1. The paper summarizes the published evidence on the relation between mating frequency and fecundity in insects. There is experimental evidence of varying quality for 63 species and non-experimental evidence for about 60.
2. Repeated mating may be universally necessary for full fecundity and fertility in female insects (in species in which the females normally mate more than once).
3. The evidence is remarkably poor. We need more properly designed experiments (and not just observations of natural variation), with sufficient sample sizes and statistics, and measurements of the fecundities and fertilities of singly and multiply mated females, when the multiple matings are separated by many days or weeks. Most of the existing experiments of this sort are defective in some way.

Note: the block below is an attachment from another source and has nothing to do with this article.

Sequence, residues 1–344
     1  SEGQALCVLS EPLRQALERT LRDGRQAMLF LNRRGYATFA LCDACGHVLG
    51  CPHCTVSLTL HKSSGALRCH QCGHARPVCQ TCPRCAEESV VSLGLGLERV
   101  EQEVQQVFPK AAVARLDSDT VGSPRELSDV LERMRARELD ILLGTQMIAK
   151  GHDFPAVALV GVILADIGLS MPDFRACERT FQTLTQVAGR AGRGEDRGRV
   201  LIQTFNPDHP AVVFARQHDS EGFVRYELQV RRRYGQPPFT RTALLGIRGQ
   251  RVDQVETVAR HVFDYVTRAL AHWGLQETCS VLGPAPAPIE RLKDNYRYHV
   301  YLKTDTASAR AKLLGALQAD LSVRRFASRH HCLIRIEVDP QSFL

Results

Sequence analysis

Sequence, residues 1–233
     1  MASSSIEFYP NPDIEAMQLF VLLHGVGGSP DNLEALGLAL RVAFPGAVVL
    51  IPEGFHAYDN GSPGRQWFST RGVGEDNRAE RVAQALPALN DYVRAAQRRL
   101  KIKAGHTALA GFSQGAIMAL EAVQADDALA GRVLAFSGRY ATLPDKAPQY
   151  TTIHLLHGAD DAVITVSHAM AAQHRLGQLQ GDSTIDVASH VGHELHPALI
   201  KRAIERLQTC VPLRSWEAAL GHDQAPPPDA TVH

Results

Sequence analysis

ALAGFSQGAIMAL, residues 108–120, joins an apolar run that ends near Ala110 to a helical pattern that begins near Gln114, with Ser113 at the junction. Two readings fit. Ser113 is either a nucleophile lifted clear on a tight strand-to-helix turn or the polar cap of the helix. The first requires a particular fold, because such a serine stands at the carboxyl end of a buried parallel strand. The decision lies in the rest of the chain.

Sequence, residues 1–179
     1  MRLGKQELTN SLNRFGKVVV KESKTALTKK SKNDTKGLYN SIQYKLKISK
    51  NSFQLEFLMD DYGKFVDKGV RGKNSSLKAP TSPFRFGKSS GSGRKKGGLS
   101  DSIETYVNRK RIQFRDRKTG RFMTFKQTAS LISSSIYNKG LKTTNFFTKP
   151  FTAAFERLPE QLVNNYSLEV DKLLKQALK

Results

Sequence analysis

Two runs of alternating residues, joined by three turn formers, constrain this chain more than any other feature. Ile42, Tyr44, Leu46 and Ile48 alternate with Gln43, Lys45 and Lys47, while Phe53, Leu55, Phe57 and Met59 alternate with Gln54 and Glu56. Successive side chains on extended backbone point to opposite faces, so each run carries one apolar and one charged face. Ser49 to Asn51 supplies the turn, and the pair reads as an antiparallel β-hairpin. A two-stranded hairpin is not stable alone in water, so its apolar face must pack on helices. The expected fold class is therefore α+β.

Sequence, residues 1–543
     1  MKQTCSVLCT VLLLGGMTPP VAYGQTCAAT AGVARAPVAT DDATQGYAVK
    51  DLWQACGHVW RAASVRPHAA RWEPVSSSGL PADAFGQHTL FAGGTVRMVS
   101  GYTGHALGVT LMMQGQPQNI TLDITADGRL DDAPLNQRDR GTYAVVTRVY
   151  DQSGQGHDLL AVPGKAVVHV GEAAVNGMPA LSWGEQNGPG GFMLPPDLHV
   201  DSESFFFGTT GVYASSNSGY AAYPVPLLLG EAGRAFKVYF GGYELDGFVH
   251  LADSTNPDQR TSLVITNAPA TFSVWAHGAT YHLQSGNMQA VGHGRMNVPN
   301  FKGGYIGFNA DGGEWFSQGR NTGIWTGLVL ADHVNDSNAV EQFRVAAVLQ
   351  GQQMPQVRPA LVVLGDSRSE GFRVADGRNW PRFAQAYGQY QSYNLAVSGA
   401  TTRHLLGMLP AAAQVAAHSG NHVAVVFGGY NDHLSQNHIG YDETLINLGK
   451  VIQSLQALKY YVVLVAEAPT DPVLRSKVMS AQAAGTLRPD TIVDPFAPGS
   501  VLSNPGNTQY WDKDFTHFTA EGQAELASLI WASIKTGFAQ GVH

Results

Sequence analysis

4. In species with greater total fecundity and longevity, multiple mating may be more likely to enhance fertility than in species with small fecundity and short life span.
5. Females in naturally monandrous species do not show increased fecundity or fertility with repeated mating, whereas females of polyandrous species do.
6. There is no obvious connexion between paternal investment, in so far as we know about it, and the increase of fecundity by repeated mating.
7. There is a small tendency for females to breed more quickly and be shorter lived if they mate repeatedly.